Arno Karlen died a year ago this past May. Too bad. I’d like to ask him about beef’s food safety efforts. I wonder if he would think that we will ever get food clean enough to prevent food poisoning.
I don’t think we will. I don’t think it’s possible.
I think Karlen’s 1995 book Man and Microbes: Disease and Plagues in History and Modern Times should be required reading in American high schools. It recognizes that humans and disease-causing organisms have evolved (and continue to evolve) together. As our forebears changed their habits—developed agriculture, moved to crowded cities and opened new lands and trade routes—they continually ran into new disease pathogens.
It was always nasty. Lots of short lives and dead babies. Until science came along.
The book cites an estimate by researchers that interaction with dogs, cattle, sheep, goats, pigs, horses and poultry introduced more than 250 new zoonotic pathogens. "Agriculture brought
humans so many new pathogens that it seems wondrous they survived," Karlen wrote.
Many—sometimes millions—died with each new exposure and each new plague, but everything that didn’t kill the survivors made them stronger. They developed immunities to these pathogens. The epidemics that decimated the New World populations when Europeans arrived were just a fast-forward version of the history of the Old World.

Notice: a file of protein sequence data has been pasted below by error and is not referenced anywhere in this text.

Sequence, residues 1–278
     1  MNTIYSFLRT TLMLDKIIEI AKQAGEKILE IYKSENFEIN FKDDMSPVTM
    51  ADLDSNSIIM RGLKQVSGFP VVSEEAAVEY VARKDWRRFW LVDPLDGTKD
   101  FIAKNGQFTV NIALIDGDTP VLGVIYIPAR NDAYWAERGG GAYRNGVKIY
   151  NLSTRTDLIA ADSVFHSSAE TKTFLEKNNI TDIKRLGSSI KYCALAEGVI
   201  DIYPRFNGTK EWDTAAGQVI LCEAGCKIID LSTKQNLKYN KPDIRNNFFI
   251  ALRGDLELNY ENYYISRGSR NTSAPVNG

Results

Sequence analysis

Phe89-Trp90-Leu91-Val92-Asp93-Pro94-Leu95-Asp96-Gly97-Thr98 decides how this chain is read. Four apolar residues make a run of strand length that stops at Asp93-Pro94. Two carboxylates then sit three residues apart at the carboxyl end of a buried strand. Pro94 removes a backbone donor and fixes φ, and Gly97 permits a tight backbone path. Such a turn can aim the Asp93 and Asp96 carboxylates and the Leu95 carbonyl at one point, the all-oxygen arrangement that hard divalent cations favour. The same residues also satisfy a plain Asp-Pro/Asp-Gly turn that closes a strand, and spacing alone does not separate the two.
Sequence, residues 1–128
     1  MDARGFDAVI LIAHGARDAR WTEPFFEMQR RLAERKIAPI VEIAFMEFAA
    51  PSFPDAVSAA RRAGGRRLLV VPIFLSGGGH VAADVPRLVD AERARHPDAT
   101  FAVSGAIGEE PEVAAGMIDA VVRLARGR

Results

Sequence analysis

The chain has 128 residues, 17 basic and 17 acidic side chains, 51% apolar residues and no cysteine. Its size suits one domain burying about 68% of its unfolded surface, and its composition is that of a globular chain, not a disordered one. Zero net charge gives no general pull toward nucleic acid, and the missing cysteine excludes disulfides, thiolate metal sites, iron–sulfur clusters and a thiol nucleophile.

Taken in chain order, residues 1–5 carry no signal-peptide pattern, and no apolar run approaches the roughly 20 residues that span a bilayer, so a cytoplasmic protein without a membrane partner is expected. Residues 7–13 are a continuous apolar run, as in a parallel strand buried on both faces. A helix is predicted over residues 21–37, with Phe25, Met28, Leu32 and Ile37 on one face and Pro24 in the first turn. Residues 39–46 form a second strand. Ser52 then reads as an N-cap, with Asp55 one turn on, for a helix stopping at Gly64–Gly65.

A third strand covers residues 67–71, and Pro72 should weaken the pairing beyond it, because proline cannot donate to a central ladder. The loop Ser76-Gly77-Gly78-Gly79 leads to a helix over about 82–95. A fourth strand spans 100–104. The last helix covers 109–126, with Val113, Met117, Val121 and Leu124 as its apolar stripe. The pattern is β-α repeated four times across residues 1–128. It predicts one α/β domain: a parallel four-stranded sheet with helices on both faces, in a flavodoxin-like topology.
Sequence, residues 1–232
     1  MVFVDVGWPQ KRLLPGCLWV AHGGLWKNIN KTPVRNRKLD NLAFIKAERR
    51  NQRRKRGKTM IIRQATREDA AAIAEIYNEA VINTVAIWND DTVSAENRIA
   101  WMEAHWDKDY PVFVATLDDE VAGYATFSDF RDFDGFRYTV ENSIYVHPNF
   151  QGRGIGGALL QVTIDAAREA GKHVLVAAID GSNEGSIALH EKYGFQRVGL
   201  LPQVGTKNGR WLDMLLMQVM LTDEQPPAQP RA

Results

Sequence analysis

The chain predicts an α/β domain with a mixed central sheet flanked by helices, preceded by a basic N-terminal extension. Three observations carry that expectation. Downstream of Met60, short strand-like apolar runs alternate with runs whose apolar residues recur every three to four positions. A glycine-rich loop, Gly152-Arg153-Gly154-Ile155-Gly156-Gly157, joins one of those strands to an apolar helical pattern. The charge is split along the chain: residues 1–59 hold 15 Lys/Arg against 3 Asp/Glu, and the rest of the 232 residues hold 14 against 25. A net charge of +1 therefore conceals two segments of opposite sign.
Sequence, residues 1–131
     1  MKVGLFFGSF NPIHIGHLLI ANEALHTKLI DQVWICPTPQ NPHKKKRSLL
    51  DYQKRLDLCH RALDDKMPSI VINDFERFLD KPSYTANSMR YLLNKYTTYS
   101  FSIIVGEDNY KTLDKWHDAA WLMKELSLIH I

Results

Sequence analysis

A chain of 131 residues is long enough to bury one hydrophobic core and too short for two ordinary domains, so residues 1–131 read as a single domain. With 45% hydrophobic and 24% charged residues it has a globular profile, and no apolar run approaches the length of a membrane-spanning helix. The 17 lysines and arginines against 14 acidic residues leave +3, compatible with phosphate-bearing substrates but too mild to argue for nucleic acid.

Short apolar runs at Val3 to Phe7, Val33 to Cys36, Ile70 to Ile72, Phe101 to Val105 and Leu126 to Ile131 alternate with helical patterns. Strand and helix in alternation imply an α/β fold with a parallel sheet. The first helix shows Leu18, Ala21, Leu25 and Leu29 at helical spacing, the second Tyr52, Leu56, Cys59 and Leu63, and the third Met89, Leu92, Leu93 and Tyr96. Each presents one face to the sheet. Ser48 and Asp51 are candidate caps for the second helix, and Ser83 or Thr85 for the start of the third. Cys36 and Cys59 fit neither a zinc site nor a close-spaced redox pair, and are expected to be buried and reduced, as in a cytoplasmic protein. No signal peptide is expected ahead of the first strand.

Until the advent of modern science, we were forced to submit to nature’s rules through a cruel system of survival of the fittest. Mother Nature is a bad mother when she wants to be.
So thank science and technology for a more humane system. We’ve learned that certain hygiene practices—things like sewers, rat traps and washing our filthy hands—help. We’ve got antibiotics and vaccines that simulate exposure and resistance without all the suffering that nature requires.
Exceptions to the rule. Karlen pointed out that most of the diseases that afflicted us historically were rooted in filth. Polio was different.
Nobody knows when it started, but polio wasn’t much of a problem until people learned to clean up. Even during the height of the epidemic in the 20th century, polio was virtually unknown in less developed countries. That confused researchers until they found that the virus was common in human populations. It’s just that most people were immune, because their lifestyles had challenged their immune systems early.
"The virus, once ubiquitous and silent, became a problem in advanced nations when poverty and dirt dwindled," Karlen wrote. "Researchers found that in warm, crowded cities such as Cairo and Bombay, most children were exposed to the polio virus and immune to further attack by age 3; paralysis and death were rare. This must have been true in the crowded, unhygienic cities of the West until the late 19th century."
Which brings us to the late 20th and early 21st centuries and asthma. It is an increasing problem in the U.S., but—like polio a century ago—not in the developing world. According to one school of thought, the explanation might be that kids today live in such a clean world that their immune systems don’t develop right.
- September 2011